Los Angeles: Beyond “The Hills”
To many of us living outside of California, Los Angeles seems to the focal point of negative press, regarding anything from the smog to Botox, gridlocked traffic and celebrity debauchery. While its true all of these things run rampant in Los Angeles, there is a positive side to Southern California as well, like the beaches, the food, the famous sights and last but not least, the incredible shopping.
It is difficult to even begin to list all the sight-seeing possibilities in Los Angeles. Hollywood alone boasts several museums, theaters and famous or rather infamous hotels and nightclubs. An entire day’s worth of sight-seeing can be done on Hollywood Boulevard, visiting the tourist sites like Grauman’s Chinese Theater and stepping in the cement footsteps of famous actors and actresses. Stop at the Kodak Theater to see the home of the Academy Awards, or visit the Hollywood Wax Museum and take pictures with your new, almost real looking boyfriend, Brad Pitt. All along both sides of Hollywood Boulevard is the Hollywood Walk of Fame, a pedestrian walkway of celebrity’s star plaques. The famous Roosevelt Hotel on the boulevard also has an array of Hollywood memorabilia. The Sunset Strip, a section of nearby Sunset Boulevard, is the epicenter of nightlife in Los Angeles. This West Hollywood hot spot is where legendary hotel and bar Chateau Marmont hides away in the hills, which one can expect to see Mary Kate Olsen stumbling out of frequently. Also nearby, is the Hollywood Bowl, a dome -shaped outdoor amphitheater where some of the most remembered musical acts have taken the stage.
One of the most well known attractions in Hollywood is Griffith Park and Observatory. It has been called the Central Park of Los Angeles, located at the bottom of the Santa Monica Mountains in the neighborhood of Los Feliz. Hiking and bike trails wind throughout the park and up through the Hollywood Hills to the Griffith Observatory. At the top is a spectacular view of the Los Angeles skyline and those large white letters that create the Hollywood sign.
If you are an art or history buff, visit the J. Paul Getty Museum where European sculptures, photographs, paintings, such as Vincent Van Gogh’s Irises, and many other works are displayed. The Getty’s detailed architecture, gardens and view alone make it worth the trip.
West Cost Eats:
There is nothing like a warm spring day at Dodger Stadium. Have some Dodger Dogs at the game or grab a bit downtown after the game at Philippe’s, the birthplace of the French dipped sandwich and one of the oldest restaurants in the city. Also part of the oldest section of downtown is Olvera Street, the colorful Latino pedestrian Street and Mexican marketplace. Chinatown is close to this area, as well as the Los Angeles Union Station, where countless movies have been filmed. As far as restaurants go in Southern California, there are a few places any native will recommend. The West Coast drive thru In-N-Out Burger is so delicious that only the basics are available on the menu: burgers, shakes and fries. Other West Coast fast food staples are Tommy Burgers and Fatburger. The new sensation has been Pinkberry, a modernized ice cream shop offering frozen yogurt, smoothies and all kinds of toppings.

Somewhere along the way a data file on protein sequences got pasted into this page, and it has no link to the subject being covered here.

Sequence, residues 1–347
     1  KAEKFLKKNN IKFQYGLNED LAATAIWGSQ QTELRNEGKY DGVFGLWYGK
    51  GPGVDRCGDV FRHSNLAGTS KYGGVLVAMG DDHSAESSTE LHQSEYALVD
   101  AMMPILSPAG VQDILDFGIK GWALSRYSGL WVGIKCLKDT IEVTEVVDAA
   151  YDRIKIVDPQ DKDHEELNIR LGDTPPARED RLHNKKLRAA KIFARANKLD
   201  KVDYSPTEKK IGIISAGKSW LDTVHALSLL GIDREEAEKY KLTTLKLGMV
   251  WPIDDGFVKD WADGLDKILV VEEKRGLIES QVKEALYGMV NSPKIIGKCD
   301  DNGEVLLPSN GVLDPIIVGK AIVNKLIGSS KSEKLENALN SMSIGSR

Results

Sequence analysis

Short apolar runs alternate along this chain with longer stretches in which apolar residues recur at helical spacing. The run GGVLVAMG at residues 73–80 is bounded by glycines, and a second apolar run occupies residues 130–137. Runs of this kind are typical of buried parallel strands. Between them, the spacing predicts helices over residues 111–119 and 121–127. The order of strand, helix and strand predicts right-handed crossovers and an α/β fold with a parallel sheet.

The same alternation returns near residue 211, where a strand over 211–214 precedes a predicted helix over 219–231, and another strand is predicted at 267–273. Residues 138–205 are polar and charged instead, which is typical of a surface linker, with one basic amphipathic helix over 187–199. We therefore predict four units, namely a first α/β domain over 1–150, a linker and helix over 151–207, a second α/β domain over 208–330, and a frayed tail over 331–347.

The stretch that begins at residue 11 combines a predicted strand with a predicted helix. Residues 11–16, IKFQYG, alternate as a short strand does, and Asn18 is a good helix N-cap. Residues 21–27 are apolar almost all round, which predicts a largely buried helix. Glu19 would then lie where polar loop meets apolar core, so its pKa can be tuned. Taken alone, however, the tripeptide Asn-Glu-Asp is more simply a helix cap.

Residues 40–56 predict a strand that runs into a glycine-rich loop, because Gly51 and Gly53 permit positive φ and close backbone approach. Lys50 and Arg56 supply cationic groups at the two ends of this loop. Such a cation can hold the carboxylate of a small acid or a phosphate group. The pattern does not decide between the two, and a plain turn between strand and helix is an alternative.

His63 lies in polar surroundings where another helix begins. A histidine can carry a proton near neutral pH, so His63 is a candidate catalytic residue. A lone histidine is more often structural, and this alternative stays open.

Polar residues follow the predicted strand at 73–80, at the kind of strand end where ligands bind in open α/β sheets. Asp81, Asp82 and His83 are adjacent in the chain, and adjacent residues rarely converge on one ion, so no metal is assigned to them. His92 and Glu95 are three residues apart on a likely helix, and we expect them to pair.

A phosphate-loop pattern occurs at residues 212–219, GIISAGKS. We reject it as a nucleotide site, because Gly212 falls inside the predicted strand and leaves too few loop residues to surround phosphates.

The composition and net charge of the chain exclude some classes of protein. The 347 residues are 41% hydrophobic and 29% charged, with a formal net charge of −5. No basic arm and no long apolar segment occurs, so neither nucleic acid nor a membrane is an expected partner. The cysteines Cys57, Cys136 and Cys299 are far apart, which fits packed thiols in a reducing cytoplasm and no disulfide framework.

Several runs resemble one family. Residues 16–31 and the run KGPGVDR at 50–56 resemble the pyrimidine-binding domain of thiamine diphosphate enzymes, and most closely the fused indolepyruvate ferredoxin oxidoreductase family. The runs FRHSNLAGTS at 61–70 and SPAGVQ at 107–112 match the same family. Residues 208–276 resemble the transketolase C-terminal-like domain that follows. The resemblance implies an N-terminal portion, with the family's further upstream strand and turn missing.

Because Los Angeles is the world entertainment capital, there are several theme parks such as Disneyland, Sea World, Universal Studios, and Knott’s Berry Farm. Another action-packed way to spend the afternoon is at the Los Angeles Zoo and Botanical Gardens, for a $12 admission fee.
Of course there is no point in traveling to Los Angeles without seeing the Pacific Ocean. A drive along Pacific Coast Highway is a breathtaking way to soak up the coastline. The artistic and circus-like atmosphere of Venice Beach Pier is where many LA residents escape the city to jog, bike or rollerblade along the ocean front walk. There are canals like those in Venice, Italy, and sidewalk vendors all along the boardwalk. In the sixties, this was the hangout for the Beatnik poets, artists, and musicians. Another popular LA beach is Santa Monica, which holds “Pacific Park”, a mini amusement park with a Ferris wheel, carousel, aquarium, entertainers, and restaurants.
Near the pier is the Santa Monica Third Street Promenade, a large outdoor pedestrian shopping mall. The Grove is another boutique outdoor shopping center, a favorite weekend destination for many celebrities, where the Los Angeles Farmer’s Market is located. Old Town Pasadena also has several shops and boutiques, and hosts the Norton Simon Museum, where Andy Warhol made his West Coast art debut. It is impossible to discuss shopping in Los Angeles without mentioning the several blocks of Rodeo Drive, in Beverly Hills lined with couture fashion and designer stores such as Lisa Kline. In between Santa Monica Boulevard and Beverly Hills is Melrose Avenue, another high-end fashion district and home of Paramount Pictures.
It would be easy to spend weeks in Los Angeles, visiting all the famous sights of the Hollywood elite, laying back at the beach, shopping at trendy high-fashion boutiques, or just checking out downtown.
By Carrie McCloud